The Carlisle Mosquito Online

Friday, March 22, 2002


New comet shines in evening sky

Click for pictures
A comet discovered on February 1 by Kaoru Ikeya in Japan and Daqing Zhang in China is visible in the western sky low to the horizon as soon as it gets dark. Binoculars are the ideal optical aid for finding this elusive "dirty snowball." On March 16, I could not see it with my unaided eye from a not-so-dark site in New Hampshire but it was a delightful sight in a binocular, with its faint tail pointing upward from the horizon and extending at least half the field of the eyepiece. The so-called "night glasses" or 7 x 50 binocular will get more of the faint light into your eye than will the daytime 6 x 35 binocular and thus are a better choice for comet hunting. A small telescope would be even better once you know where to look.

If you would like to find this comet, a low horizon between west and northwest is essential with as few lights as possible; the Cranberry Bog, the State Park and Towle Field come to mind. The best time to look is as soon as it gets dark, at 7:30 it will be only 11 to 12 degrees above the horizon and setting fast. It will keep this elevation for at least a week but then slowly slip into the glare of the sun only to emerge in late April in the morning sky. Now is the best time to find it in the evening sky as it is at its peak brightness.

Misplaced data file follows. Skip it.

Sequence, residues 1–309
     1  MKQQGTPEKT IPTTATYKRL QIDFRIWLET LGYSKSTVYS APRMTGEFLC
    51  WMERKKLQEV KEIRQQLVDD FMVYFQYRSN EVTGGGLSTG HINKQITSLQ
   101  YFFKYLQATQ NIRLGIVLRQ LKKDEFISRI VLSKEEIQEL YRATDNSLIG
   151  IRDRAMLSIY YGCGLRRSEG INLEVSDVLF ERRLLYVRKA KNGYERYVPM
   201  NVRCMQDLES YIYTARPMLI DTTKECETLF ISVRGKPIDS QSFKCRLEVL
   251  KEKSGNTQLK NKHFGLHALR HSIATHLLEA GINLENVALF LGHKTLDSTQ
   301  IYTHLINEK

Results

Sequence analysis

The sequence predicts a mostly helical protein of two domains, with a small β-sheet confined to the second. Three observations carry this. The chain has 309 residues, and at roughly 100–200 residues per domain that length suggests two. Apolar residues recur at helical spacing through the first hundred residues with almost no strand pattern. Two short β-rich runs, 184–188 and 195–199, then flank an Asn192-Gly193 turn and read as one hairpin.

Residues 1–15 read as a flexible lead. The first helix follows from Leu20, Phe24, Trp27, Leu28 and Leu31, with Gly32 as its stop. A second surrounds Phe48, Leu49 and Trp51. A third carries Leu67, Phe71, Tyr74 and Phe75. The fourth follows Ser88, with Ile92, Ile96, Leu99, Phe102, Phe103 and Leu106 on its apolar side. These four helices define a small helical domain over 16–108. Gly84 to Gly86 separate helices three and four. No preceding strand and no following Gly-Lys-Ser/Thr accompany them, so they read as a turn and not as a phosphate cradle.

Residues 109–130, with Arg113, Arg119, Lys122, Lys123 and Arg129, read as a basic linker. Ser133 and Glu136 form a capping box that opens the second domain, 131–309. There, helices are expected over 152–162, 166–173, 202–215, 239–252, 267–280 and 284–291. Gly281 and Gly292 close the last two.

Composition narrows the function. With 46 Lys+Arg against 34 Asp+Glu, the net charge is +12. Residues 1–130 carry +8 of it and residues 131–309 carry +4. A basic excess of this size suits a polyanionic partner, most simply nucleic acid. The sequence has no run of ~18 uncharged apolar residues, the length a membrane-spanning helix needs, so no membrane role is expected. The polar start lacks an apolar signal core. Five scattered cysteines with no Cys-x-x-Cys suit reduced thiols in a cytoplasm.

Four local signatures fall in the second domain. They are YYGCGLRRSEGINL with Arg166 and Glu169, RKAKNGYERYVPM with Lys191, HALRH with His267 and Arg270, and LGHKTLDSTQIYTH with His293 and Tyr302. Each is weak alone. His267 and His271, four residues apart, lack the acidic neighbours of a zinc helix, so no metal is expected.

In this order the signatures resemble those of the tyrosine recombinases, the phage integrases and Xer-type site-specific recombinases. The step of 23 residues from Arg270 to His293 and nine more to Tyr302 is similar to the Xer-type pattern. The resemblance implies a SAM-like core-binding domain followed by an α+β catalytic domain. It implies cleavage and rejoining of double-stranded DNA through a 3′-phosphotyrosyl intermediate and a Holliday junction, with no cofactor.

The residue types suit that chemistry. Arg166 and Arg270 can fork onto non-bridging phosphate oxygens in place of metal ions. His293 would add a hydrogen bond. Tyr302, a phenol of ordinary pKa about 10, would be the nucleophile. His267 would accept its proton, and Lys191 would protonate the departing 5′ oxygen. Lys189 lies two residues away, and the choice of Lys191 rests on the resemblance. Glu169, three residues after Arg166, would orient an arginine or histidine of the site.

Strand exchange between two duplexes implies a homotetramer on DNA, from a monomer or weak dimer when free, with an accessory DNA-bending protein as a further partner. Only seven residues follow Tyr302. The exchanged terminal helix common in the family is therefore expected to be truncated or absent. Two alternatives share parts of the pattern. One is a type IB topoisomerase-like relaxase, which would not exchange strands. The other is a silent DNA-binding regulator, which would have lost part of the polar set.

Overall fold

To help locate Ikeya-Zhang you might start by finding the three planets which are easily visible this time of the evening. Start with Jupiter to the southwest about 64 degrees above the horizon and the brightest object in the sky except for the star Sirius. Three or four of Jupiter's moons should be visible in your binoculars. Next drop down to about 42 degrees and a little further west to Saturn, dimmer and yellower than Jupiter. Finally, look for Mars about 22 degrees above the horizon almost due west, reddish and dimmer than Saturn.

From Mars scan down to about 12 degrees above the horizon and sweep northward, holding that 12-degree elevation. With enough patience and slow scanning Ikeya-Zhang should pop into view with a bright central core and a faint upward pointing tail.

For more information on this comet check the Sky and Telescope website:

2002 The Carlisle Mosquito